I was watching my Twitter stream on Monday afternoon and saw the Twitter account for FEMA Region4 mention that we are fast approaching the peak of the 2011 hurricane season.  That should have as wide a mention as possible, especially in the Gulf Coast and Eastern Seaboard areas.  After all, hurricanes don’t exactly sneak up on anybody unless they’re actively avoiding the information.

FEMA has posted a good article on preparing for a hurricane at their Ready.gov website.  Their list boils down to three main points:

  1. Build a kit.  This should be “enough” to keep you fed, clothed, hydrated and able to survive without aid for at least three days.  There is some talk about the need to drop the three-day rule in favor of at least a week.  While I agree in concept, the first step is getting the general population to even get prepared for three days.
  2. Make a plan.  The old saying is an ounce of prevention is worth a pound of cure.  Making a plan includes having a family emergency plan as well as having prepared your home and belongings for when things go sideways.  Know your area, know what is likely to happen around you, and prepare for the most likely scenarios.  It makes perfect sense to have ply-wood sheets cut out to cover your windows in Florida but not so much in Northern Illinois. One thing that is often overlooked is flood insurance.  Most standard insurance policies specifically will NOT cover flood damage.  More information about flood preparation can be found at http://www.floodsmart.gov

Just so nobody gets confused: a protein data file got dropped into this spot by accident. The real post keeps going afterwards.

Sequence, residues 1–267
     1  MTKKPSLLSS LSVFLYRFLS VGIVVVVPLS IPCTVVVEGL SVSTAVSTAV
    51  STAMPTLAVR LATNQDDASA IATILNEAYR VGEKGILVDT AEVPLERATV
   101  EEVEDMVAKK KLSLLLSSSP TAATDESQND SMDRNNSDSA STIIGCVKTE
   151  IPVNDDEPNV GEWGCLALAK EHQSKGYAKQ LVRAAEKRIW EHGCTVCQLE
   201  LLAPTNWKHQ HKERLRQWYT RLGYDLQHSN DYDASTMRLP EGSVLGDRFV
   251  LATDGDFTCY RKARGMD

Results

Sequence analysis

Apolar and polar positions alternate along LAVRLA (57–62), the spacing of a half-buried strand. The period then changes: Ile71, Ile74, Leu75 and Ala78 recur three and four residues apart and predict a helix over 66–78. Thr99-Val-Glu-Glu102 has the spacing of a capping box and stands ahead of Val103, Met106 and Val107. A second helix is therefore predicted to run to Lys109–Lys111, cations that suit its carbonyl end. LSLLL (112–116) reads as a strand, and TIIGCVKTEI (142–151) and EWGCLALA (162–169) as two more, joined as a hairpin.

3. Be informed.  This starts with something I mentioned above: knowing your area.  In this case, this includes knowing the different levels of hurricane strength as well as thinking about taking the FEMA “Community Hurricane Preparedness” self-directed training class. Especially when talking about hurricane danger, listen to the nightly news and get yourself a NOAA weather radio.

You can’t stop a hurricane, but you can minimize the impact that it has on your life.